Steam Machines no longer grace Steam’s dedicated hardware tabe, as GamingOnLinux noticed. You probably didn’t. Steam Machines carried thrilling potential but wound up doomed from the start, a catastrophic flop with consumers. The best concepts from the failed endeavor continue onward, though.
Valve envisioned Steam Machines and SteamOS—a proprietary Linux fork intertwined with Steam’s Big Picture mode—during the Windows 8 era, while Microsoft was trying to turn PCs into tablets and lock apps down in the Windows Store. Cue the heroic reveal. Tiny, powerful Steam Machines by a legion of PC hardware makers were supposed to counter the threat of Windows becoming a walled garden while simultaneously dragging PC gaming into the living room.
That dream never became reality, for all sorts of reasons.
Windows 10 fixed Windows 8’s most egregious sins (kind-of), while SteamOS lacked vital capabilities at launch. Valve’s notorious hand-off management approach led to Steam Machines becoming a confusing mish-mash of systems. Perhaps most curiously of all, Valve released the stellar Steam Link alongside Steam Machines. A tiny $50 box that lets you beam games from your office PC to your living room nuked a big chunk of the Steam Machines’ value.
Unsurprisingly, Steam Machines stumbled out of the gate, moving less than half a million units in their first seven months. And now they’re gone from the Steam hardware tab, though you can still find listings for a few PCs if you search hard enough. The Maingear Drift still packs generations-old hardware, but hey, it exists. Same goes for Syber’s Steam Machine. But the listing for the Alienware Alpha, once the Steam Machine vanguard, stings. Following it to Dell’s website reveals that the system now ships with Windows 10 Home preinstalled.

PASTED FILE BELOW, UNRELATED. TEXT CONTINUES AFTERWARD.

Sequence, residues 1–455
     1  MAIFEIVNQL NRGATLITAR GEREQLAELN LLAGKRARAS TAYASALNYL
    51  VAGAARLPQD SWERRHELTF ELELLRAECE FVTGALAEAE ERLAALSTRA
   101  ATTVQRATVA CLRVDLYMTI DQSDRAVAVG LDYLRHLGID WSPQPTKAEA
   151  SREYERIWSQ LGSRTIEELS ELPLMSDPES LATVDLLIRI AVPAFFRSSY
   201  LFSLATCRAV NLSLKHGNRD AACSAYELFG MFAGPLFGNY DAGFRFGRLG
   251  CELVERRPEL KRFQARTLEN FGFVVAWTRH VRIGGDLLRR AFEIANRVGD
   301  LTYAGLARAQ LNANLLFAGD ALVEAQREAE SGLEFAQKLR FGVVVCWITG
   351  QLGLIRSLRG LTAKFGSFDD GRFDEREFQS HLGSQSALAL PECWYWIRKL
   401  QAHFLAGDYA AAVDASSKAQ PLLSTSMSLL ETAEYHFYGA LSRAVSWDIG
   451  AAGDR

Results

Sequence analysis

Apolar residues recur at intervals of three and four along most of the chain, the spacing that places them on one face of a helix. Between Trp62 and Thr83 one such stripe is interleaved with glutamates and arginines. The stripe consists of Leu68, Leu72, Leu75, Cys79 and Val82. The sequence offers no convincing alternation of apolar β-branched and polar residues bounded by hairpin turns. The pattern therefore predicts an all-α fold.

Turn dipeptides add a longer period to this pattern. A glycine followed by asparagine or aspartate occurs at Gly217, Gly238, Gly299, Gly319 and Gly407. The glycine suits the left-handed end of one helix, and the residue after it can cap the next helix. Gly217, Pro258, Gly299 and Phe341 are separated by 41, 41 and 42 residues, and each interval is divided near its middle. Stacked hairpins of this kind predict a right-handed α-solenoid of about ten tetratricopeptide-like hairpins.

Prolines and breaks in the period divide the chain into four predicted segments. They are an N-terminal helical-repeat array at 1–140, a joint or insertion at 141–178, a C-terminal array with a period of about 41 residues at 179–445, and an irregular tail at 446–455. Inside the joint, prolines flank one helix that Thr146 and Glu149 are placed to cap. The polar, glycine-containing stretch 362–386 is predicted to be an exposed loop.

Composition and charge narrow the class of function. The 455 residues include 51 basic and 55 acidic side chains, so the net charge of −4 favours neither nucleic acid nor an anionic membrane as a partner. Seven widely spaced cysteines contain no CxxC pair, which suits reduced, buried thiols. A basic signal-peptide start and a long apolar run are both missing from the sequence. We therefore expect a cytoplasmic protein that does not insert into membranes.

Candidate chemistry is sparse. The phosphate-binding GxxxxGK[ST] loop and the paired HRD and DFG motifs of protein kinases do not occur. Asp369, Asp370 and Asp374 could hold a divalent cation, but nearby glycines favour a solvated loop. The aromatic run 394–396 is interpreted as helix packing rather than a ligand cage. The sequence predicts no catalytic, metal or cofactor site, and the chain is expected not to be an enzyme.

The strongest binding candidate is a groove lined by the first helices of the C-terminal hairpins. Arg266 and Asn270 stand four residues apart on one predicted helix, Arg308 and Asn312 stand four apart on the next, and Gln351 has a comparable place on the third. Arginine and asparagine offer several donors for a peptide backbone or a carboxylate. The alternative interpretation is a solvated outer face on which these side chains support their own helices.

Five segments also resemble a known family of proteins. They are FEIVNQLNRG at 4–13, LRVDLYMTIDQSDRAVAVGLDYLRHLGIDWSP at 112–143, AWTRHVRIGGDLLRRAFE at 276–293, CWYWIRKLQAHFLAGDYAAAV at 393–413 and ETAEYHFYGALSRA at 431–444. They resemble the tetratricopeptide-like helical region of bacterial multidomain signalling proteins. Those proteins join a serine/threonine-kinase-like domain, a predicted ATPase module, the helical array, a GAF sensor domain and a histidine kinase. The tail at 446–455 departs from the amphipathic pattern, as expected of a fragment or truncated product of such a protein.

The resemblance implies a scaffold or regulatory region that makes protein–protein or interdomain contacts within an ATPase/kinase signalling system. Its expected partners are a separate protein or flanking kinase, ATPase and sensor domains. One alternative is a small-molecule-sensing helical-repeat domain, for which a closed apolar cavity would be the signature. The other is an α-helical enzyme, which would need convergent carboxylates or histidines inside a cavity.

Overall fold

So pour one out for Steam Machines, but don’t mourn their slow death. Steam Machines leave a worthwhile legacy in their wake. The systems couldn’t crack into living rooms, but the Steam Link and Steam Controller succeeded wildly at bridging the gap between PCs and TVs, and they live on. Linux gaming flourished in the years since Steam Machines were announced. And tiny living room-ready gaming rigs like Zotac’s ZBOX Magnus lineup and the potent new Intel ‘Hades Canyon’ NUC ($999 on Newegg) are far more common sights these days.
The spirit of Steam Machines live on—both metaphorically and literally. The latest major SteamOS update just dropped on March 31 with a new Linux kernel and various other goodies.